Being a Museum Courier, COVID Style
September 24, 2020
International courier trips are often seen as one of the benefits of a museum career. When objects are lent to museums overseas, they are usually accompanied by a member of the collections team to oversee their safe transport, handling, and installation at the venue. It’s an amazing chance to go behind the scenes at some fantastic museums in lovely locations, and you might just squeeze in a few hours’ sightseeing somewhere exotic… Of course, it’s not all glamour! You can just as easily be spending long hours in a cargo shed at an airport, driving long distances in a lorry, or get stuck in customs, without many opportunities for a break or a meal, while making sure your precious artefacts are supervised at all times. But COVID has changed all that; and that is why in June I completed my first ever ‘virtual courier trip’, to the Kunstmuseum in The Hague.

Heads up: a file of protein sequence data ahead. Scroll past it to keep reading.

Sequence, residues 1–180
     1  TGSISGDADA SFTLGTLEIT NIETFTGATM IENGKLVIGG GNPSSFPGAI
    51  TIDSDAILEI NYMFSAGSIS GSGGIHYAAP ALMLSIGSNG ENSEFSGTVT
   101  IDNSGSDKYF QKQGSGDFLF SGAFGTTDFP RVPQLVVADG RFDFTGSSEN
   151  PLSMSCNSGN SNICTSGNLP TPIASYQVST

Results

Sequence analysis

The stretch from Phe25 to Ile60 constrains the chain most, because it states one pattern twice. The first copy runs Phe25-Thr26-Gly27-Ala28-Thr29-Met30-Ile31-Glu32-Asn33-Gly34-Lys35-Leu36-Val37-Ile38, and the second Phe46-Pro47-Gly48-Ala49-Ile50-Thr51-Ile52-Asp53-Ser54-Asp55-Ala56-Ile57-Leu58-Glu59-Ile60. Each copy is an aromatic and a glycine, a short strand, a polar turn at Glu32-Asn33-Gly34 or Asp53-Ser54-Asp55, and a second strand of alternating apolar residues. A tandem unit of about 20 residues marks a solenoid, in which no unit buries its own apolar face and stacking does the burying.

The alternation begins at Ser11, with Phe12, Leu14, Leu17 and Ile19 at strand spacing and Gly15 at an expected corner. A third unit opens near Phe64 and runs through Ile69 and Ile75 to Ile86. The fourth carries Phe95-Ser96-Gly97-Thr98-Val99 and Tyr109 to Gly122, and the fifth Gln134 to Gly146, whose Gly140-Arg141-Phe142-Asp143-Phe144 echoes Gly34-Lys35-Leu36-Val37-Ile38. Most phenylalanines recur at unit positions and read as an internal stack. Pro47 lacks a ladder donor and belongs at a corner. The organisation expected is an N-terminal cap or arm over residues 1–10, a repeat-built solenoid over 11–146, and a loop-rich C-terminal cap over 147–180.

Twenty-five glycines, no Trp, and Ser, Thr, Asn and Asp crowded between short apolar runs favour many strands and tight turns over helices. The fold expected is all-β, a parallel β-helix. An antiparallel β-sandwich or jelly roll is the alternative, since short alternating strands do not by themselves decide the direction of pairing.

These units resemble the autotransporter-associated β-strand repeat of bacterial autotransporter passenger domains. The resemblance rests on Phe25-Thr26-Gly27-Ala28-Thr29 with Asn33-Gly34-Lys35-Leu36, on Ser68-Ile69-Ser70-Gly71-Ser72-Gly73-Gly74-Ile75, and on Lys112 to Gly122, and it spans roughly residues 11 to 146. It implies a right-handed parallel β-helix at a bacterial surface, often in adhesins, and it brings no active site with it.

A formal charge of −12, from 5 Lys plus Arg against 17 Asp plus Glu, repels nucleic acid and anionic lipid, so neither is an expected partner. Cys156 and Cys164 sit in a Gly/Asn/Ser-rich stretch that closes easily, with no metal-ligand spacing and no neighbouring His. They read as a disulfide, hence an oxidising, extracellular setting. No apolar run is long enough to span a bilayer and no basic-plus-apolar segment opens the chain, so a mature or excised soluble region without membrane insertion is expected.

The Fitzwilliam has loaned 15 pieces of English Delftware pottery to the Kunstmuseum for a show called ‘Royal Blue: William and Mary’s Finest Delftware’. The objects were sent out to The Hague in early March, accompanied by Tim Matthews from the Applied Arts department at the Fitz. They had just arrived at the museum when the whole of the Netherlands went into lockdown and Tim had to rush back to the UK to avoid becoming stranded. All plans to install the exhibition were abandoned and the ceramics were placed in store in their travelling crates without being unpacked.
Ten weeks later, the Kunstmuseum was planning to reopen and install the exhibition. But many institutions have lent objects for the display, sometimes from countries which, like the UK, were still in lockdown, and sometimes from museums with staff on furlough. For the exhibition to be possible, we all had to adapt our usual procedures. In this case, we decided to do the courier trip via a video call.